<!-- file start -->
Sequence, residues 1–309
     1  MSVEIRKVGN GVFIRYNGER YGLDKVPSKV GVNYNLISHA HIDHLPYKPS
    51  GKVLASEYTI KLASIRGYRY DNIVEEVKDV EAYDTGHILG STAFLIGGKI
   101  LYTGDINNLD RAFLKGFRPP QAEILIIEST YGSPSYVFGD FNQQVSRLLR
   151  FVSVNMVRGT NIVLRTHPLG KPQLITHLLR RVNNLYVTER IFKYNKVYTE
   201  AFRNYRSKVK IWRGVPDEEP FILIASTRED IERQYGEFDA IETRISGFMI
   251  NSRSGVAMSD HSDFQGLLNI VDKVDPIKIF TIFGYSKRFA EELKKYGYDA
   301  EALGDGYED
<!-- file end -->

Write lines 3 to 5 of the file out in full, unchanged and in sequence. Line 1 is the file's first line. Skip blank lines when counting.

    51  GKVLASEYTI KLASIRGYRY DNIVEEVKDV EAYDTGHILG STAFLIGGKI
   101  LYTGDINNLD RAFLKGFRPP QAEILIIEST YGSPSYVFGD FNQQVSRLLR
   151  FVSVNMVRGT NIVLRTHPLG KPQLITHLLR RVNNLYVTER IFKYNKVYTE